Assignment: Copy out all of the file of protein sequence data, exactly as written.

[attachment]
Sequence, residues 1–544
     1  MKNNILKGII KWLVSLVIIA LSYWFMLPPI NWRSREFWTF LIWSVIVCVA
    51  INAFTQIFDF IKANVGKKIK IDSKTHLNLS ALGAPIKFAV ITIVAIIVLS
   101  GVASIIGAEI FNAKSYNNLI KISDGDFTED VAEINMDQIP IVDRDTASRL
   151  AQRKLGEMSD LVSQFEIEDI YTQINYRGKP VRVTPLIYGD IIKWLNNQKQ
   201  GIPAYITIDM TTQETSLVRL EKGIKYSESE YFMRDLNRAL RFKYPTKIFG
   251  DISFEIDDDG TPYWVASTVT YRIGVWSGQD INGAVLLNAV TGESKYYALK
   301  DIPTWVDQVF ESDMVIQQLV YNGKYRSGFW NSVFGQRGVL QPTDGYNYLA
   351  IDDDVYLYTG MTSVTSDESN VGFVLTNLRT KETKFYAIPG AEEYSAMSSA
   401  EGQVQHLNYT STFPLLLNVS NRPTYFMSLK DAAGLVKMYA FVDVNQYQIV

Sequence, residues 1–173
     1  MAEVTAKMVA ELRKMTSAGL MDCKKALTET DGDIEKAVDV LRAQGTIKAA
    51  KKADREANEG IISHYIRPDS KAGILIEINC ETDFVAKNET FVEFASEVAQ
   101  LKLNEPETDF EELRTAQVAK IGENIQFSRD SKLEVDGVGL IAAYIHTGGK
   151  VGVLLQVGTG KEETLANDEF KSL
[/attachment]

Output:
Sequence, residues 1–544
     1  MKNNILKGII KWLVSLVIIA LSYWFMLPPI NWRSREFWTF LIWSVIVCVA
    51  INAFTQIFDF IKANVGKKIK IDSKTHLNLS ALGAPIKFAV ITIVAIIVLS
   101  GVASIIGAEI FNAKSYNNLI KISDGDFTED VAEINMDQIP IVDRDTASRL
   151  AQRKLGEMSD LVSQFEIEDI YTQINYRGKP VRVTPLIYGD IIKWLNNQKQ
   201  GIPAYITIDM TTQETSLVRL EKGIKYSESE YFMRDLNRAL RFKYPTKIFG
   251  DISFEIDDDG TPYWVASTVT YRIGVWSGQD INGAVLLNAV TGESKYYALK
   301  DIPTWVDQVF ESDMVIQQLV YNGKYRSGFW NSVFGQRGVL QPTDGYNYLA
   351  IDDDVYLYTG MTSVTSDESN VGFVLTNLRT KETKFYAIPG AEEYSAMSSA
   401  EGQVQHLNYT STFPLLLNVS NRPTYFMSLK DAAGLVKMYA FVDVNQYQIV

Sequence, residues 1–173
     1  MAEVTAKMVA ELRKMTSAGL MDCKKALTET DGDIEKAVDV LRAQGTIKAA
    51  KKADREANEG IISHYIRPDS KAGILIEINC ETDFVAKNET FVEFASEVAQ
   101  LKLNEPETDF EELRTAQVAK IGENIQFSRD SKLEVDGVGL IAAYIHTGGK
   151  VGVLLQVGTG KEETLANDEF KSL